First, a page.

Thomas Merton, Robert Lax, and Edward Rice were college buddies who became life-long friends, literary innovators, and spiritual iconoclasts. Their friendship and collaboration began at Columbia College in the 1930s and reached its climax in the widely acclaimed magazine, which ran from 1953 to 1967, a year before Merton's death. Rice was founder, publisher, editor, and art director; Merton and Lax two of his steadiest collaborators. Well-known on campus for their high spirits, avant-garde appreciation of jazz and Joyce, and indiscriminate love of movies, they also shared their Catholic faith. Rice, a cradle Catholic, was godfather to both Merton and Lax. Merton, who died some 30 years before the other two, was the first to achieve fame with his best-selling spiritual autobiography, "The Seven-Story Mountain". Lax, whom Jack Kerouac dubbed "one of the great original voices of our times," eventually received recognition as one of "America's greatest experimental poets, a true minimalist who can weave awesome poems from remarkably few words" ("New York Times" Book Review). He spent most of the last 35 years of his life living frugally on one of the remotest of the Greek isles.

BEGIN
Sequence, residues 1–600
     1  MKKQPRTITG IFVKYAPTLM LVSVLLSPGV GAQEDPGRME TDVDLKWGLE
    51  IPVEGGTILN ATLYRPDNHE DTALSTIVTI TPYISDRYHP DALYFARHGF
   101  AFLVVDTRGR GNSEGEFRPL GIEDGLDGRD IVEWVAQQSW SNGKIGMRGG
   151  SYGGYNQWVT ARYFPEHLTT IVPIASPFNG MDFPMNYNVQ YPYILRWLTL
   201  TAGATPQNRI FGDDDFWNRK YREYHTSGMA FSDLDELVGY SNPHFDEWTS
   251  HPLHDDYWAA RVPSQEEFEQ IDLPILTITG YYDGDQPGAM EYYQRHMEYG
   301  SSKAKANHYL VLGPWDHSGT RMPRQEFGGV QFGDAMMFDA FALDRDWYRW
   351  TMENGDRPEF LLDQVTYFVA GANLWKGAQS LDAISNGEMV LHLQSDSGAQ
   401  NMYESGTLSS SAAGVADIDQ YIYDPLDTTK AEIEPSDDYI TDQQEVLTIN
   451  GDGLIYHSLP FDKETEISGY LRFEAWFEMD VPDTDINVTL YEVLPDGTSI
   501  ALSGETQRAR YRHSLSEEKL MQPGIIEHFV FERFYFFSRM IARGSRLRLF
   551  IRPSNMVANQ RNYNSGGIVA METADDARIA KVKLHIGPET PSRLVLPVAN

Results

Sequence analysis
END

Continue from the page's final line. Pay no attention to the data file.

After Jubilee folded, Rice wrote 20 books on world culture, religion, and biography. His 1970 biography of Merton, "The Man in the Sycamore Tree", was judged too intimate, forthright, and candid by those who, in Lax's words, "were trying so hard to get pictures of [Merton's] halo that they missed his face." His biography of the 19th century explorer and "orientalist" Sir Richard Burton became a "New York Times" bestseller. This book is not only the story of a 3-way friendship but a richly detailed depiction of the changes in American Catholic life over the past sixty-some years, a micro history of progressive Catholicism from the 1940s to the turn of the twenty-first century. Despite their loyalty to the church, the three often disagreed with its positions, grumbled about its tolerance for mediocrity in art, architecture, music, and intellectual life and its comfortableness with American materialism and military power. And each in his own way engaged in a spiritual search that extended beyond Christianity to the great religions of the East.